Fancy Types of Grass
Ornamental grasses are those grown for their attractiveness rather than for their usefulness. These fancy types of grass have much to offer, acting as border plants, background plants to flowers and as simple centerpieces. There are a number of hardy ornamental grasses that can be cultivated with ease to add more texture to a garden.
Mexican Feather Grass
Boasting delicate, needle-thin blades in green and silvery gray colors, Mexican feather grass (Nassella tenuissima) is a wonderful clumping ornamental grass that can bring movement into the garden. The blades move at even the softest breeze, rippling the multicolored blades. Native to Mexico, New Mexico and Texas, Mexican feather grass is a highly drought-tolerant plant that grows well in full sunlight or partial shade. Soil should be loose and well drained.
- Ornamental grasses are those grown for their attractiveness rather than for their usefulness.
- Boasting delicate, needle-thin blades in green and silvery gray colors, Mexican feather grass (Nassella tenuissima) is a wonderful clumping ornamental grass that can bring movement into the garden.
Zebra grass (Miscanthus sinensis 'Zebrinus') is a clumping grass that can grow to be 7 feet tall, boasting sharply pointed leaves that are horizontally striped with dark green and creamy yellow. The striking plant blooms in the summer until the fall with pale pink flower plumes, creating a distinct overall look. Zebra grass grows well in either full sun or partial sun. The grass isn't picky about soil and is quite drought-tolerant once established.
Chinese Fountain Grass
Cold hardy and elegant, Chinese fountain grass (Pennisetum alopecuroides) is a clumping perennial grass native to Eastern Asia and Australia. The plant boasts thin, cascading blades and fluffy yellowish plumes. The vigorous grower does best in full sunlight, though it will tolerate some shade, and the plant isn't picky about soil. This ornamental grass can be invasive in some areas, so check an invasive species list before planting.
- Zebra grass (Miscanthus sinensis 'Zebrinus') is a clumping grass that can grow to be 7 feet tall, boasting sharply pointed leaves that are horizontally striped with dark green and creamy yellow.
- The vigorous grower does best in full sunlight, though it will tolerate some shade, and the plant isn't picky about soil.
List Of Types Of Grass
Few outdoor surfaces are as inviting as turfgrass. In order to enjoy turfgrass in your yard, it’s necessary to familiarize yourself with the various types of grass. Knowing if a certain turfgrass requires warm or cool weather and if it tolerates drought will enable you to choose the ideal lawn grass. How much foot traffic grass can take is another important consideration. Such transitional areas tend to be those states located down the middle of the country. This lawn grass has peak growth during cool weather. Some of the most common cool-season grasses include the following in this grass names list. This means it can stand up to foot traffic and is drought resistant. This grass is one of the easiest cool-season grasses to grow from seed. Fine fescue is widely used throughout northern and central U.S. states, including transition zones. This grass slows down growth in the hot summer months. Perennial ryegrass is widely used throughout the United States for permanent and temporary lawns. As their name suggests, warm-season grasses grow best in warm weather. Winter dormancy for warm-season grasses lasts three to five months. Bermudagrass also stands up to high heat and is tolerant of heavy foot traffic. It isn’t as cold tolerant as the other warm-season grasses. This makes it a good choice if you want to quickly seed a lawn. It can be invasive, but its invasiveness enables the grass to endure heavy use. Zoysia is a versatile lawn grass that tolerates high heat, drought and foot traffic. This grass features a broad, medium-green blade and tends to form a thick lawn. Though St. Augustine lawn grass prefers full sun, it has a high tolerance for shade. This grass grows by stolons that creep along the ground. It still grows wild on the western prairies of the United States. Buffalo grass tolerates high heat and drought well. Most buffalo grass varieties won't tolerate a lot of rain, however. Some kinds of grass, such as Bermuda grass, require regular feeding, while other kinds of grass can get by on less fertilizer. Mowing is another issue to consider.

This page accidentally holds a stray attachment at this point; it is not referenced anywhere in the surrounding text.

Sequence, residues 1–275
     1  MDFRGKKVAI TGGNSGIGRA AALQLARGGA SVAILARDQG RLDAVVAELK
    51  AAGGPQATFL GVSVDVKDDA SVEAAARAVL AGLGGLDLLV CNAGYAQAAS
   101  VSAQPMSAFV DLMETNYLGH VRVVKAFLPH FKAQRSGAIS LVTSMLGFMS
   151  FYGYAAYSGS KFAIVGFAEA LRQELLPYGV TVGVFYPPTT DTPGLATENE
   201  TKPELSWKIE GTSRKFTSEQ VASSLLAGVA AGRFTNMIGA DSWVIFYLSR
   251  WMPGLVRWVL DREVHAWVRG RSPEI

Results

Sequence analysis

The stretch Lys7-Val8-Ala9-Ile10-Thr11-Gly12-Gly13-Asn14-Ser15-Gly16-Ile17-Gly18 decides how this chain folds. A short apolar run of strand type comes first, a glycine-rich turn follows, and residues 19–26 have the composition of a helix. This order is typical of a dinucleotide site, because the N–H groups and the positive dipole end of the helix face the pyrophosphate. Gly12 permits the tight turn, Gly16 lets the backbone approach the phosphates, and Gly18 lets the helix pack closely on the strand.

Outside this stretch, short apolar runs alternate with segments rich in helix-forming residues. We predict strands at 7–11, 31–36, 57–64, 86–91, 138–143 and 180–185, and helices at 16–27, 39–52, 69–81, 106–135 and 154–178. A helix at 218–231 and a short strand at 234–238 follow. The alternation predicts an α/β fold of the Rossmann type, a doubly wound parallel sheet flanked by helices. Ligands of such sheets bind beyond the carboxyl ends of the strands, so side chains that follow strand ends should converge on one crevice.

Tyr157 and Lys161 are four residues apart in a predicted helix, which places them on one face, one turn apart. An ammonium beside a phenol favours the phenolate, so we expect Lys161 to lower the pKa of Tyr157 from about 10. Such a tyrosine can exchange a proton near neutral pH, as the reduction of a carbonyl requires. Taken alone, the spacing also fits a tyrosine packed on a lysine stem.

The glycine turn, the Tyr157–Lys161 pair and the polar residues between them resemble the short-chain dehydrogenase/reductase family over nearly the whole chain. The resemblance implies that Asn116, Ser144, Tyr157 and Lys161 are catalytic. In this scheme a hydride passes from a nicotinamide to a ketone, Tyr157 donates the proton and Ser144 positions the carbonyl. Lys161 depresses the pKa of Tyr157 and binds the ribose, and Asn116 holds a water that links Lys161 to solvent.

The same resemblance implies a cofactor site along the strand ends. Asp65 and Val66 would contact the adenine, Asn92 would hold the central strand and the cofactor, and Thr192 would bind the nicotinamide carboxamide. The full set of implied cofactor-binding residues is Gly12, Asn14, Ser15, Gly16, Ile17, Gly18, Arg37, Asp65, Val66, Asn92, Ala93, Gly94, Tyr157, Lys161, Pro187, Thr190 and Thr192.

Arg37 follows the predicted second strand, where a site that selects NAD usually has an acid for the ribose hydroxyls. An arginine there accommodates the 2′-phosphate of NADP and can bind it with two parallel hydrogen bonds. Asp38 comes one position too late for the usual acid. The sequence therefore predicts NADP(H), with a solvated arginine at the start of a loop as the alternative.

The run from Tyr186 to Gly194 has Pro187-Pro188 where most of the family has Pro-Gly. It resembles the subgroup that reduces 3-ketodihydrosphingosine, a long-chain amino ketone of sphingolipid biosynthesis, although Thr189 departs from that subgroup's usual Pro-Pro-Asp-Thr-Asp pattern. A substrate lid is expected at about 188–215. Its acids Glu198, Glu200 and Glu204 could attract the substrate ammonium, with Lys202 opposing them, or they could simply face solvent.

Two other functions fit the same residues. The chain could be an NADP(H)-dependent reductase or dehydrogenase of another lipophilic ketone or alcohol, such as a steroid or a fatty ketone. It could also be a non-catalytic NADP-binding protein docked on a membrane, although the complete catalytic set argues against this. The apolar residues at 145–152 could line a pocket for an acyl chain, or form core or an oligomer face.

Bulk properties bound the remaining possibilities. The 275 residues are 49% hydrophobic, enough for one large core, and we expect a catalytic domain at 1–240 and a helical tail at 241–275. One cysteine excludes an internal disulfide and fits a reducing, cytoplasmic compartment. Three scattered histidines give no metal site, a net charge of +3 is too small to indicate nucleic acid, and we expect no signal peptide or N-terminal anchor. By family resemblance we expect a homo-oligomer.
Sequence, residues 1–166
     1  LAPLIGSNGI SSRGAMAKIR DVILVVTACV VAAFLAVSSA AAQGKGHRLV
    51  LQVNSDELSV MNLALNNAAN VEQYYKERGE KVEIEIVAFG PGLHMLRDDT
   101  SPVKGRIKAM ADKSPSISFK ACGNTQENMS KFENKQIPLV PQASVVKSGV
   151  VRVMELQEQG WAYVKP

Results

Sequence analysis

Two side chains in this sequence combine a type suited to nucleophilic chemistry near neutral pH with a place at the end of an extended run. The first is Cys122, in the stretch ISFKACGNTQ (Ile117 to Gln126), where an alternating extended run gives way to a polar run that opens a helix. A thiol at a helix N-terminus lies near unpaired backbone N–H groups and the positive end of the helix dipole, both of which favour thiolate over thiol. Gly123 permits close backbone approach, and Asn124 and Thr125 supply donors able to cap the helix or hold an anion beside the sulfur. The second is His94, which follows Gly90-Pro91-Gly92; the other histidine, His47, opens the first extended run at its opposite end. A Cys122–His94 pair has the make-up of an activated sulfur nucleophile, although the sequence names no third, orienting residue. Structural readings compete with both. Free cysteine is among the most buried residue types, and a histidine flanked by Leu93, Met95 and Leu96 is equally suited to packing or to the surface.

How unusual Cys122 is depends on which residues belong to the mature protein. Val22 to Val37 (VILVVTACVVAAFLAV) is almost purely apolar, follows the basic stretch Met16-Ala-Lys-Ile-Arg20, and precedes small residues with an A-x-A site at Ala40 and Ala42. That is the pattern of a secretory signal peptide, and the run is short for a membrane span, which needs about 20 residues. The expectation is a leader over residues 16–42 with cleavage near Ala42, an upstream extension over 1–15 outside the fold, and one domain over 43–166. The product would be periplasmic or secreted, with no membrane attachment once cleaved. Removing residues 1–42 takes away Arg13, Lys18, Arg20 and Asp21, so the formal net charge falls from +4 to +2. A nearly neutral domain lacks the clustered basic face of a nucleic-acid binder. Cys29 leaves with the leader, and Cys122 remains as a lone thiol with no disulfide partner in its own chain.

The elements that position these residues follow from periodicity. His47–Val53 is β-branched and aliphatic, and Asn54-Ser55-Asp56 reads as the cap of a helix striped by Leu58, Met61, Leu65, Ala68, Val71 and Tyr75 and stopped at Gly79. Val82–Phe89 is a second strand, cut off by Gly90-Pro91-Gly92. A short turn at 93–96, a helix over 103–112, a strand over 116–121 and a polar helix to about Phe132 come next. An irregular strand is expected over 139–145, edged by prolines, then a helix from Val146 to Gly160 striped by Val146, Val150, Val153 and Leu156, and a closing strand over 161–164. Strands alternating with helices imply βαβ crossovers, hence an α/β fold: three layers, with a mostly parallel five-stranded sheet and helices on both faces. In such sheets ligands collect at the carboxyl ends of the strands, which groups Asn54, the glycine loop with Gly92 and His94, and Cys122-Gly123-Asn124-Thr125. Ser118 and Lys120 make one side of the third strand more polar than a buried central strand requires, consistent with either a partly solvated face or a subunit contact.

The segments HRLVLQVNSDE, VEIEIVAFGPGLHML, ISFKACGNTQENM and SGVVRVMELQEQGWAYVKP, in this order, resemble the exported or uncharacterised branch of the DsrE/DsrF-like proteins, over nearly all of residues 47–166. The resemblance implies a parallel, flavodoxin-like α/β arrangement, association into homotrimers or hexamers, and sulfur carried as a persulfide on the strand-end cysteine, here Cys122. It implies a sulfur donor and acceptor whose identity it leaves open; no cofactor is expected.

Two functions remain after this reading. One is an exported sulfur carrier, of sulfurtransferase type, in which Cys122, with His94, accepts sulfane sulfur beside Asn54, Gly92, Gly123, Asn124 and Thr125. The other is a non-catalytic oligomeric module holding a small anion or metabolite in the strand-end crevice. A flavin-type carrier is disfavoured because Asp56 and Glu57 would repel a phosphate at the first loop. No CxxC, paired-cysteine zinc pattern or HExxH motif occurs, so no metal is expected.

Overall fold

- Few outdoor surfaces are as inviting as turfgrass.
- This lawn grass has peak growth during cool weather.
- Though St. Augustine lawn grass prefers full sun, it has a high tolerance for shade.
- Brighterblooms.com: Zebra Grass
- Floridata.com: Mexican Feather Grass
- Floridata.com: Chinese Fountain Grass
- Fine Fescue
- Fine Fescue for Home Lawns
- What are Cool Season Grasses?
- All You Need to Know About Tall Fescue
- Kentucky bluegrass — Poa pratensis
- Ultimate Guide to Cool Season Grasses
- All You Need to Know About Perennial Ryegrass
- All You Need to Know About Bermudagrass
- All You Need to Know About Zoysia Grass
- St. Augustinegrass — Stenotaphrum secundatum
- Buffalo Grass - North America's Native Grass
- Southern, Warm Season Grasses
Michelle Wishhart is a writer based in Portland, Ore. She has been writing professionally since 2005, starting with her position as a staff arts writer for City on a Hill Press, an alternative weekly newspaper in Santa Cruz, Calif. An avid gardener, Wishhart worked as a Wholesale Nursery Grower at Encinal Nursery for two years. Wishhart holds a Bachelor of Arts in fine arts and English literature from the University of California, Santa Cruz.